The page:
After some troubles (in this question), I managed to install mkusb manually.
But for some reason, it didn’t detect my USB drive. I tried to format it (as ext4 and fat32), mount/unmount (some errors, though!). But it didn’t work out.
Any ideas how to fix it ?
I have created a custom live CD image (erm… live USB, I suppose it’d be more accurate) through a combination of Cubic (to generate a custom .iso) and mkusb to provide it with persistency through a
It’s working really well, but
mkusb seems to be creating its own
fstab and its own
One of the things that
mkusb does is creating a “regular” NTFS partition so the USB stick can be used as a “regular” storage stick (to save pictures, docs or whatever in it), yet that partition doesn’t seem to be mounted on boot.
It would be great if it could be, because I have a pretty specific use I’d like to give to it (specifically, Docker images which now only seem to work properly if I specify
devicemapper as the
storage-driver). It would really, really help if I could have that NTFS partition mounted in
/var/lib/docker/[storage], but even if I change
/etc/fstab while in Cubic, those changes are not reflected in the image that is written to the USB stick.
Something similar happens with the Grub menu.
Cubic allows to specify your own, but this seems to be overwritten by
mkusb and because of issues with the computers where the stick is going to be used, it would be great if I could add a
nolapic flag to the boot line.
Is there any way of doing this?
PS 01: I’m not married to
mkusb… I do like how easy it is to get a persistent USB with it and that works on bios with UEFI boot, though but maybe another tool would give me more control?
PS 02: I don’t know much about… anything, really but for this specific use case, let’s say I don’t know much about persistent partitions on bootable USB sticks.
I’ve successfully used mkusb to install a persistent Ubuntu 18.04.2 LTS system on a new Samsung T5 USB SSD. What is nice about mksusb is that it creates a bootable system that works on a wide variety of computer systems. However, I would like to have a portable ‘real’ Ubuntu installation vs. a live/persistent install that works with both UEFI and BIOS boot methods.
The process outlined here looked like it would do the trick, but in my case I’m just presented with the grub prompt when booting the drive. Note, that I interpreted the step:
Cut grub.cfg from sdx5/boot/grub and paste to sdx3/boot/grub, overwriting the existing grub.cfg file
…to mean that I should move the new grub.cfg file from /dev/sdx5/boot/grub to /dev/sdx3/boot/grub, overwriting the grub.cfg file created by mkusb and deleting the grub configuration file created by the installation from the installation partition. Also, /dev/sdx3 was not mounted after the Ubuntu installation completed, I had to manually mount it (/dev/sdx5 was already mounted on /target).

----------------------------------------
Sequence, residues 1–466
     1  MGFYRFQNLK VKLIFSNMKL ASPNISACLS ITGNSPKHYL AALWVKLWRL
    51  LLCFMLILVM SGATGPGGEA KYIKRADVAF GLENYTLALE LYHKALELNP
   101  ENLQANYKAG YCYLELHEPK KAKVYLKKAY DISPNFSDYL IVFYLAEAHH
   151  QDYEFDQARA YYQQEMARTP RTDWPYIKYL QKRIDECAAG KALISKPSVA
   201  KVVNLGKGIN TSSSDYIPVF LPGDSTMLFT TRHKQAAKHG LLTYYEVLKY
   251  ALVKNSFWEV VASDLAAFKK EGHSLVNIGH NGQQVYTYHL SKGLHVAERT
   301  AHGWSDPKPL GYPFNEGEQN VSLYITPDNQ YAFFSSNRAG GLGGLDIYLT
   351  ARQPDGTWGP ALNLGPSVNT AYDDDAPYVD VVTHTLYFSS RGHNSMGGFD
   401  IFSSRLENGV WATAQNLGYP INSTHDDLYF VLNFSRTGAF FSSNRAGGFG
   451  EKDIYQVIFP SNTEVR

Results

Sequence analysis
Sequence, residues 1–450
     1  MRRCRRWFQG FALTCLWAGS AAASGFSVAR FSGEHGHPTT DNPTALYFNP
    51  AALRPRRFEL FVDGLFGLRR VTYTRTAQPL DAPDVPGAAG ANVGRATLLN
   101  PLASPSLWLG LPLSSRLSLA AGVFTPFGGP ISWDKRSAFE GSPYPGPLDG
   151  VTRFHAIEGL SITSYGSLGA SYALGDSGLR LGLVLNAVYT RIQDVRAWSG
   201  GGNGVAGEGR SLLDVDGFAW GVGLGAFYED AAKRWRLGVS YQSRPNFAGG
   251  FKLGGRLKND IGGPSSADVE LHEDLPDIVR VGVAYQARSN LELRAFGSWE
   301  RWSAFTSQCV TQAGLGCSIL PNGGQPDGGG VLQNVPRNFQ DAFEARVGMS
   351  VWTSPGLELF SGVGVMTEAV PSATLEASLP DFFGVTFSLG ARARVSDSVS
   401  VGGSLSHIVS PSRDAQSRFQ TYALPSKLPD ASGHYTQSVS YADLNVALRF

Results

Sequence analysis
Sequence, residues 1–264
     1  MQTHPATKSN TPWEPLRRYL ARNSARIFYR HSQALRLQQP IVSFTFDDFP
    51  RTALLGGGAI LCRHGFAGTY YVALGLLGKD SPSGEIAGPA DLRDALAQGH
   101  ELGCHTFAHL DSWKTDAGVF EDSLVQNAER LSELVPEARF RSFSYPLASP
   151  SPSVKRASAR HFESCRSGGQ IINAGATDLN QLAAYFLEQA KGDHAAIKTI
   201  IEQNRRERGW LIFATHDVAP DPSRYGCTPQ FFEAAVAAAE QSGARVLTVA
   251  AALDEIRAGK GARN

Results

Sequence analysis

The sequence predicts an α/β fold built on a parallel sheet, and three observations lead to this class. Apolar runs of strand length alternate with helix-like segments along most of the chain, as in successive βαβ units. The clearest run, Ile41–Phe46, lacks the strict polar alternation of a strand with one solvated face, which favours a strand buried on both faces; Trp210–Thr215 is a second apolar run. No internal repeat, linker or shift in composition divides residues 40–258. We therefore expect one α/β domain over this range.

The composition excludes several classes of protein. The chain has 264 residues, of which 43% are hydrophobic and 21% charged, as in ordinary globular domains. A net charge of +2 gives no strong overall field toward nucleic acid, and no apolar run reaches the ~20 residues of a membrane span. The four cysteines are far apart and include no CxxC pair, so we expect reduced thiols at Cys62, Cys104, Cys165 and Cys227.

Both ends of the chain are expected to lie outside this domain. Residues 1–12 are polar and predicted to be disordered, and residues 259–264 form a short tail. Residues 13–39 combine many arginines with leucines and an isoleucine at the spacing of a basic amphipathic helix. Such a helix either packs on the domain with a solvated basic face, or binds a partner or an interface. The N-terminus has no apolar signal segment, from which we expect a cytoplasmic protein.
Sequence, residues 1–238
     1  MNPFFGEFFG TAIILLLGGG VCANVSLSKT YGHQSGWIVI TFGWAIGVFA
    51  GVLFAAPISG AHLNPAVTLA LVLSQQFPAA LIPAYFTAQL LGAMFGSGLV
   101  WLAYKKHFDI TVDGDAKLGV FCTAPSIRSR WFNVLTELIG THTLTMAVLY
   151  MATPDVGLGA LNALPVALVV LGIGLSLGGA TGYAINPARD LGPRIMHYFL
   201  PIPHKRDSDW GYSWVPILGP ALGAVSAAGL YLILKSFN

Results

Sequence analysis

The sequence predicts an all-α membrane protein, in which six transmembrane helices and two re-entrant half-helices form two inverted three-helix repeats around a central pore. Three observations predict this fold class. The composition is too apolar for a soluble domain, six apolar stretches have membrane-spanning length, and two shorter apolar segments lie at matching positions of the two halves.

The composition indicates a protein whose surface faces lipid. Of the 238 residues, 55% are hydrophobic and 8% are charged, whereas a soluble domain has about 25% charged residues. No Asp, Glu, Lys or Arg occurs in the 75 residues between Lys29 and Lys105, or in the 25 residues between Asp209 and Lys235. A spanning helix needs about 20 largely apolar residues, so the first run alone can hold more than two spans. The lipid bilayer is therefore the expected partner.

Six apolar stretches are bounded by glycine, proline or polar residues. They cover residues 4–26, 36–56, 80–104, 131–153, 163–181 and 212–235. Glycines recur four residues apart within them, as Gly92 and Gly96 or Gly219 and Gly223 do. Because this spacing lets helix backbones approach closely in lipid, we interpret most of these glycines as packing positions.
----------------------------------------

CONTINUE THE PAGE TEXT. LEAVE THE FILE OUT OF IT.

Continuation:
Since mkusb without modifications works fine with the T5 SSD drive, I assume that there is something about the Ubuntu 18.04.2 LTS installation grub.cfg file that is causing an issue.
Is there an alternative approach that would work, or is there something inherently different with a portable SSD vs. a USB thumb drive that prevents creating a truly portable drive?
I had a working persistent live USB that I made using mkusb and it served me well for several months. It then stopped booting.
I get to the screen where I can select Persistent Live, USB Persistent Live to RAM, etc. I select Persistent Live (selecting Persistent Live to RAM doesn’t help either). It continues but then stays stuck on the screen during the ubunto boot where the dots keep cycling. Upon touching the power button, I see a log of lines that show the following errors along with other lines:
Failed to start Avahi mDNS/DNS [a few more characters follow but I cannot make it out]
Failed to start Login Service
There is a line each for a Failed to Start for (I am recreating the list from shorthand notes so please don’t mind case differences or other slight variations–let me know if you need the exact):
login service VirtualBox Linux kernel module
Thermal Daemon Service
Network Manager Service
Dependency failed for Network Manager Wait Online
During the boot process, if I select the last option to check and do any fixes (versus selecting Persistent Live Boot), it says nothing was broken and asks me to reboot.
From what I can make out from this help page, I need to create a new live usb and transfer the home directory to it. I am having trouble creating a new one (will create a separate thread) but wanted to see if anyone has encountered a similar issue and fixed it without creating a new persistent live usb.
Thanks for any help!